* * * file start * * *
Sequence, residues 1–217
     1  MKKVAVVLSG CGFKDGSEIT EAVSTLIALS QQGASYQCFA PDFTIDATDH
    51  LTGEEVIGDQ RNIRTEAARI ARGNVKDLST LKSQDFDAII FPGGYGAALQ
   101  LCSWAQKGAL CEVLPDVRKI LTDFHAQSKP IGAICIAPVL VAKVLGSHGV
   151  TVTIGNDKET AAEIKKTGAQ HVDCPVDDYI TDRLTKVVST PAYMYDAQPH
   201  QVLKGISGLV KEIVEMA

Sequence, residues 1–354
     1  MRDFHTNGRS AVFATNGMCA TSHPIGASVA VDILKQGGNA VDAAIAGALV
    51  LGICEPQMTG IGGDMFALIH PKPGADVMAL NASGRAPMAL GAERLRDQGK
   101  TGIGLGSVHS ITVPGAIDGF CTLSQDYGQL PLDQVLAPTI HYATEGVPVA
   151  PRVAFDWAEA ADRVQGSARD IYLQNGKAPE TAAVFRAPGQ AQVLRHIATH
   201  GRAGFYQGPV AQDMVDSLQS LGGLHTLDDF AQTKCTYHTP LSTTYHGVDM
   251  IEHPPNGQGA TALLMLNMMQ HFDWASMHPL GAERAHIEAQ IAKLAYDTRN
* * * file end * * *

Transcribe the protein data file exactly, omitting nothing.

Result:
Sequence, residues 1–217
     1  MKKVAVVLSG CGFKDGSEIT EAVSTLIALS QQGASYQCFA PDFTIDATDH
    51  LTGEEVIGDQ RNIRTEAARI ARGNVKDLST LKSQDFDAII FPGGYGAALQ
   101  LCSWAQKGAL CEVLPDVRKI LTDFHAQSKP IGAICIAPVL VAKVLGSHGV
   151  TVTIGNDKET AAEIKKTGAQ HVDCPVDDYI TDRLTKVVST PAYMYDAQPH
   201  QVLKGISGLV KEIVEMA

Sequence, residues 1–354
     1  MRDFHTNGRS AVFATNGMCA TSHPIGASVA VDILKQGGNA VDAAIAGALV
    51  LGICEPQMTG IGGDMFALIH PKPGADVMAL NASGRAPMAL GAERLRDQGK
   101  TGIGLGSVHS ITVPGAIDGF CTLSQDYGQL PLDQVLAPTI HYATEGVPVA
   151  PRVAFDWAEA ADRVQGSARD IYLQNGKAPE TAAVFRAPGQ AQVLRHIATH
   201  GRAGFYQGPV AQDMVDSLQS LGGLHTLDDF AQTKCTYHTP LSTTYHGVDM
   251  IEHPPNGQGA TALLMLNMMQ HFDWASMHPL GAERAHIEAQ IAKLAYDTRN